Many thanks to WECS – The West of England Costume Society – (and especially Jean Scott, WECS programme secretary) for inviting me to speak at their annual Janet Arnold study day.
WECS is a very vibrant society which started in 1973 and draws its membership from professional and amateur history of dress enthusiasts across the South-West. We frequently have attendances at our study days of 60-70 people and this particular study day was started as a celebration of the life of Janet Arnold who was an original member.
It was held in Bath, had full attendance (60-70 members) and the event was titled: “Breaking the Mould?”: Freedom and Restraint in Victorian Dress.
This day will be devoted to the Victorians as this will be the 200th Anniversary of the birth of Victoria. The title at the moment is ‘Freedom and Restraint’ and I want to focus on the sociological and technological changes which affected women and their dress during the Victorian era.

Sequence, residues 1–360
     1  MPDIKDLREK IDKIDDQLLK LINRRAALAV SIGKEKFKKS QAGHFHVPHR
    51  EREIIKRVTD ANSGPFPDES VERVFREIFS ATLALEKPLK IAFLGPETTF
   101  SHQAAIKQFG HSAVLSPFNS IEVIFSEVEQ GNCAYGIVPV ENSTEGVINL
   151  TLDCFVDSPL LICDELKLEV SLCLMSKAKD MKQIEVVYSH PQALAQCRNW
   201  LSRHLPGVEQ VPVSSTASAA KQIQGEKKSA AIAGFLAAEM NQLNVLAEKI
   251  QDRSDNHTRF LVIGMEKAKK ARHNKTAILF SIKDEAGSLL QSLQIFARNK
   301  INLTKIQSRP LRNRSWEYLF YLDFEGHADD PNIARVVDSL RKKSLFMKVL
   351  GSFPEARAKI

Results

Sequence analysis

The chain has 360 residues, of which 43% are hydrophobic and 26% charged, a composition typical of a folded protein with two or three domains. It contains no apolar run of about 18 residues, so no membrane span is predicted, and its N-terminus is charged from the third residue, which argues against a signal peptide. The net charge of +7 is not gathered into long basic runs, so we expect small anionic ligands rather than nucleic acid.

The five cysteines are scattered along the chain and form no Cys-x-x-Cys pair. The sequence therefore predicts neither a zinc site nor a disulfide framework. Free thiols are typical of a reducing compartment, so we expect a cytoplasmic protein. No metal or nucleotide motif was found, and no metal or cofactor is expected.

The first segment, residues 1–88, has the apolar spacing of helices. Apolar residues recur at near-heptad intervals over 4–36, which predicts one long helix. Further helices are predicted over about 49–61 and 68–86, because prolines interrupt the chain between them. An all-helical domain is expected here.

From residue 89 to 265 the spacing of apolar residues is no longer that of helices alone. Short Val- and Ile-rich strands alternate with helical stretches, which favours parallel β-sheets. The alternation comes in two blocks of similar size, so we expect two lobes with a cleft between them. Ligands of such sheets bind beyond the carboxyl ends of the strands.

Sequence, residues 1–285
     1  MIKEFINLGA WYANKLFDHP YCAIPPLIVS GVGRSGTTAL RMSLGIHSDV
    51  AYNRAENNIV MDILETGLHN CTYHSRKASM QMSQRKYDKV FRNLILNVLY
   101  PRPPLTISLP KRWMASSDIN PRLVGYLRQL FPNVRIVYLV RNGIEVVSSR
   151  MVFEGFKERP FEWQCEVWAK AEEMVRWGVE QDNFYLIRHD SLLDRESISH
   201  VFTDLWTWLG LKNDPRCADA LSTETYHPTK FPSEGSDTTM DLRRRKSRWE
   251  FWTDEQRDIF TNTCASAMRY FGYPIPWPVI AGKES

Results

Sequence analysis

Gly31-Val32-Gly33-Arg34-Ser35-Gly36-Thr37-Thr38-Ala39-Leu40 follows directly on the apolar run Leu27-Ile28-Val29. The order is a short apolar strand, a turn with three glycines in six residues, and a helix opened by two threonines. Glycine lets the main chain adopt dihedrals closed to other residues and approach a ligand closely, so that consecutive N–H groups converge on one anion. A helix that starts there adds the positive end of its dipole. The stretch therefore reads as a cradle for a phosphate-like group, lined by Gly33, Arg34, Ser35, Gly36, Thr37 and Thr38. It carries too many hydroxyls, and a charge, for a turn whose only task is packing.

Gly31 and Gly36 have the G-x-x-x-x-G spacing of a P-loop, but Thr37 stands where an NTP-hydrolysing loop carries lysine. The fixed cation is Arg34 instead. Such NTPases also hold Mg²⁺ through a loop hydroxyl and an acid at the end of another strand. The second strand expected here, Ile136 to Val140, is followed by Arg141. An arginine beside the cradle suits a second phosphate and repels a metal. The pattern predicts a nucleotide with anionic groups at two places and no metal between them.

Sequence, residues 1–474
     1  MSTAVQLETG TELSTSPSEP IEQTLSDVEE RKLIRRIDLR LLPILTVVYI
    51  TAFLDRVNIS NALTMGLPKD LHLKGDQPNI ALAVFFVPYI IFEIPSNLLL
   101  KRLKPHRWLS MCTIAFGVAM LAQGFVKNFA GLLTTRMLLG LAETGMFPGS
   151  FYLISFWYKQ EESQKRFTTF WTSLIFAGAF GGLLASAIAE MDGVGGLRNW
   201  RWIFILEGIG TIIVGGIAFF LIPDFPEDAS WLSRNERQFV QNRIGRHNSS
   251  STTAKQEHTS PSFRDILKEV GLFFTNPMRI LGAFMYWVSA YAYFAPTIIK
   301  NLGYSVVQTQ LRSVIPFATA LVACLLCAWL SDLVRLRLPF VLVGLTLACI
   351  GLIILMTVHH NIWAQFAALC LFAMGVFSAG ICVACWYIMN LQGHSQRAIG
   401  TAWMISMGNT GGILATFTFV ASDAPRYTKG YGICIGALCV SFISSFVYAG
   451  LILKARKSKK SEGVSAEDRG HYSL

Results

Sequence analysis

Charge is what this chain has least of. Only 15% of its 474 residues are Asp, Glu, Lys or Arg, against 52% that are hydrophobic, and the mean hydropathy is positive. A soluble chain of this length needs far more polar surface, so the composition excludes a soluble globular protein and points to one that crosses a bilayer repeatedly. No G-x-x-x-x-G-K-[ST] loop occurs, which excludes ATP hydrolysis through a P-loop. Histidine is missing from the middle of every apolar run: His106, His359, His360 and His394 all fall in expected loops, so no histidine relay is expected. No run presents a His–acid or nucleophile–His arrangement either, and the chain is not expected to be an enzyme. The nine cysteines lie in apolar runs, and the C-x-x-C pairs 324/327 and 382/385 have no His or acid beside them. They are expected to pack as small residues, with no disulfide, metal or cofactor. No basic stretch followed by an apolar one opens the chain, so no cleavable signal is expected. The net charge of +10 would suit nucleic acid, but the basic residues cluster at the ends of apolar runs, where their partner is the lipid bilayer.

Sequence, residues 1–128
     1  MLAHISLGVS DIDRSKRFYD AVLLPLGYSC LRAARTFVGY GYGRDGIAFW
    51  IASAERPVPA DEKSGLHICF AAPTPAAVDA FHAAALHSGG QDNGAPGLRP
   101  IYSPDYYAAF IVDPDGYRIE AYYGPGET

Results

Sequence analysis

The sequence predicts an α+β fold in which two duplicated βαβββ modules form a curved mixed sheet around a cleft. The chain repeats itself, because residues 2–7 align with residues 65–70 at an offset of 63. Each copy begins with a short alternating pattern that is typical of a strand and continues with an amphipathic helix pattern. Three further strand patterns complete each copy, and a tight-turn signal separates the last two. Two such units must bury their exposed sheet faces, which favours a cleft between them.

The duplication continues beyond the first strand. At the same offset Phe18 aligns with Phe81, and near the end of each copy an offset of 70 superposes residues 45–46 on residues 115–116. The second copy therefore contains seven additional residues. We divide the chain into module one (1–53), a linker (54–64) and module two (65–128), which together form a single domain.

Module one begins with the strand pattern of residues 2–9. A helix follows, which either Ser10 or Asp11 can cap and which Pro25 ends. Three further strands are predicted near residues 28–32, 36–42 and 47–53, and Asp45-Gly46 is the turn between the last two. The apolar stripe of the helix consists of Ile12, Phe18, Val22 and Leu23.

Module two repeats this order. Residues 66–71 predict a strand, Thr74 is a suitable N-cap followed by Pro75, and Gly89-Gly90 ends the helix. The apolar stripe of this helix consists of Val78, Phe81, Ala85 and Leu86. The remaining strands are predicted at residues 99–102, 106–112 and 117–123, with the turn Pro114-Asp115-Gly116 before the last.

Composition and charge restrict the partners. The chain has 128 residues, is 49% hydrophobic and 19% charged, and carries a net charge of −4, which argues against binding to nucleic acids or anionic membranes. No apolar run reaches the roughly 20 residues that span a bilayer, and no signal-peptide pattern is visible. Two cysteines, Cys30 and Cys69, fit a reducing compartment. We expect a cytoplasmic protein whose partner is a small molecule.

This was clearly well within the remit of my research. I was one of four talks by fascinating speakers: Sophia Wilson talking about “The Art of Pre-Raphaelite Dressing”, Susanna Cordner – archivist at London College of Fashion talking about “Fitting the Female Form: A brief history of underwear in Victorian England” and Edwina Ehrman – Lead Curator for the V&A’s Clothworkers’ Centre for the Study and Conservation of Textiles and Fashion talking about ” Rubber: From Forest to Fashion”.
I took along lots of costumes, some books and patterns and had some wonderful conversations with professional costume makers, dress historians, conservators and curators.
I also talked about my new Politics of Patents project which expands on this research. I am hoping I will invited back again next year.